Sometime back in the 1950s my grandfather bought my dad and uncle a board game called Be A Texas Millionaire. It was made by a company called "Texantics Unlimited, a division of the Premiere Printing Company," whose offices were at 620 Texas, an address long-since obliterated to make way for Jones Plaza.
If memory serves, the game was briefly featured in the Neiman-Marcus catalogue but it failed to sell and was dropped. (Texantics had a little more success with a gridiron game called Razzle Dazzle Football.)
Texas Millionaire was a travel game of sorts. Players placed their tokens (plastic oil derricks) at the start -- somewhere in the middle of the Gulf of Mexico -- and flicked a spinner as they wound their way through an oversized map of Texas and to several dystopian hells beyond the border. It was kind of like Candyland, only simultaneously more informative and much more obnoxious.
Texas towns corresponded with their actual primary industries, so you learned alot about the state. At Hempstead, you got $250,000 for the sale of melons; Brownsville shrimp would put half a million in your pocket; and at some indeterminate spot in the Panhandle you could get a cool million for peddling "canned Texas sunshine."
Generally speaking, only good things happened in Texas, with a few exceptions. Chief among them, Texarkana, where unlucky contestants were deemed to have "Yankee dust on them" and dispatched back into dreaded "Yankeeland." In this great northern abomination of desolation, you could lose a million to a rigged shell game, get arrested on a false charge and have to pay a $2 million bail, get hornswoggled into paying outlandish sums for the Brooklyn Bridge and Washington Monument, and get fleeced on toll roads and restaurants all the way back to Texas.
You fared little better when you ventured into Mexico. There, our poor Texas travelers fell into canyons, got stuck in mud, got robbed by bandits, and went to jail. One square simply says "Pay pot $100,000 for nothing, senor."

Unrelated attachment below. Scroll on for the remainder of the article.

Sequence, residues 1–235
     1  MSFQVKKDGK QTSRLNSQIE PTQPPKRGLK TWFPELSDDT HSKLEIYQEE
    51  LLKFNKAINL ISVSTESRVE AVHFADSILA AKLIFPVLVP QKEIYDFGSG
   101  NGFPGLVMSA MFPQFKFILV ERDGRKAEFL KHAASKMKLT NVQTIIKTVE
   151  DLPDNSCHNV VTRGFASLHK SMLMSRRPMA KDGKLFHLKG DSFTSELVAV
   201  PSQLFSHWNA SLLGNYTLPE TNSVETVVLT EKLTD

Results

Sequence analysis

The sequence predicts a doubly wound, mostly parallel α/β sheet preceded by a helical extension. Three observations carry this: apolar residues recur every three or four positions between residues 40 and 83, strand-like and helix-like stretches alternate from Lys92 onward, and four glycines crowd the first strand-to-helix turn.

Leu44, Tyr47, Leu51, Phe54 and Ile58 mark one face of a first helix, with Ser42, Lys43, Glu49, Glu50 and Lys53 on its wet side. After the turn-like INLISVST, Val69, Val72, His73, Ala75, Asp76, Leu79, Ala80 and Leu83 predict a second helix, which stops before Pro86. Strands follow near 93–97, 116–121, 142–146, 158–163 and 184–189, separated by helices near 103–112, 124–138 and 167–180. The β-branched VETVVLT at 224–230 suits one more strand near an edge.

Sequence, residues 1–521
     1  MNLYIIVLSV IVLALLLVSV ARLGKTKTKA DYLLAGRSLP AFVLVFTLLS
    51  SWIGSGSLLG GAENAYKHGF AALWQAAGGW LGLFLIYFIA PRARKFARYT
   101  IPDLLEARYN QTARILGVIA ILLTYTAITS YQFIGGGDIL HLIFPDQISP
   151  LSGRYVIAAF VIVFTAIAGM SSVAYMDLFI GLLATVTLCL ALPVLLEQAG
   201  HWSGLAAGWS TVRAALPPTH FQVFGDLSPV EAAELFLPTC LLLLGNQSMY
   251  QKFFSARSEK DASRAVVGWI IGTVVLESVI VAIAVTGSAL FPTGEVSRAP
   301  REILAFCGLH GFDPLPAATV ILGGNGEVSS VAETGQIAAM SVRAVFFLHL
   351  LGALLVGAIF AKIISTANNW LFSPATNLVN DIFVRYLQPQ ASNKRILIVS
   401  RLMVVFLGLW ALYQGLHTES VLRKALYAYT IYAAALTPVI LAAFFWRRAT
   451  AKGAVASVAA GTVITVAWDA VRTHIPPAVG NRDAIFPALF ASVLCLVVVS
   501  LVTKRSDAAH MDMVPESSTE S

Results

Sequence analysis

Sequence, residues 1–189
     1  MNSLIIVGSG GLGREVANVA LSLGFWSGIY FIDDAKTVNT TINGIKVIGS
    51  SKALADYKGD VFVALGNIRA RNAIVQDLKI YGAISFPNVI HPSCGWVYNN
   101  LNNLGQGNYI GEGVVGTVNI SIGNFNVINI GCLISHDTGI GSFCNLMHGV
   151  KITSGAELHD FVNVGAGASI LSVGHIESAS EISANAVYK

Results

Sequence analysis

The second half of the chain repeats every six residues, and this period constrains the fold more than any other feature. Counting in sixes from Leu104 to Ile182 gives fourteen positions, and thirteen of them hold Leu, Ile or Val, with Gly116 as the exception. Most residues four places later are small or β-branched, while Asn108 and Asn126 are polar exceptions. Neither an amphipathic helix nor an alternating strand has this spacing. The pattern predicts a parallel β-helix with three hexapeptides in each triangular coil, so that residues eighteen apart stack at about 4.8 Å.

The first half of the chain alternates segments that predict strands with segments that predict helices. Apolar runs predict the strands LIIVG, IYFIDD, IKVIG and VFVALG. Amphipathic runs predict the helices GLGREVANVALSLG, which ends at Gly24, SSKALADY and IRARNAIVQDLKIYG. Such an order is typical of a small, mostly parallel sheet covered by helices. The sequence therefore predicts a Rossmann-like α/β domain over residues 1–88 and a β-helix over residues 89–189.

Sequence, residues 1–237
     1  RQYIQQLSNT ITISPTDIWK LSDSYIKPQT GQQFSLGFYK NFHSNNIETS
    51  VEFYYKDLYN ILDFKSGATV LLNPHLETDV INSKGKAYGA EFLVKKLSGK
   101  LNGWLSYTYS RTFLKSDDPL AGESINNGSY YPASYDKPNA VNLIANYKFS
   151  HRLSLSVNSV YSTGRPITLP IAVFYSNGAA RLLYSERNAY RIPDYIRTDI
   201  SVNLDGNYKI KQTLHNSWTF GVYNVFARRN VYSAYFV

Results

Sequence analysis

California was home to ludicrous taxes, failed orange crops, doomed movie deals, and jail, albeit a "luxurious" one. (In contrast to the jail in Oklahoma, which was simply a corral.) The "Western Territory" found you traversing atomic blast areas, losing money in Vegas, and tied to a stake with a caricature of a Native American pointing an arrow at your face. Your Louisiana sojourn found you lost in Cajun swamps and on the receiving end of a crawfish attack.
You could also take periodic long shots -- you'd spin the wheel, and anything could happen from losing your entire fortune to doubling it.
The game's money was beautifully done. Each note bore the picture of a Texas history legend: Crockett, Houston, Austin, Bowie, Lamar, Dowling, and Fannin, and various monuments. There were corny jokes embedded in the serial numbers stuff like "ICUR A TXN 4IAM2."
I hope you enjoy the pics as much as four generations of my family have enjoyed playing the game, and here's hoping someone will start printing it again, borderline offensiveness and all.
Houston Post scribe George Fuermann gave the following un-P.C. testimonial on the game's box: "Want your next party to have more whiz than the Marx Brothers? Are your youngsters looking for a deal that's more fun that playing hookey? Then Be A Texas Millionaire is just your dish -- a Texotic answer to everybody's dream and a funderful new parlor game that turns Bank Night into pauper's play. Better than a circus, wilder than a 4-alarm fire at a madhouse, Be a Texas Millionaire puts wits and luck on the line. This is it...Your chance to fly higher than the national debt."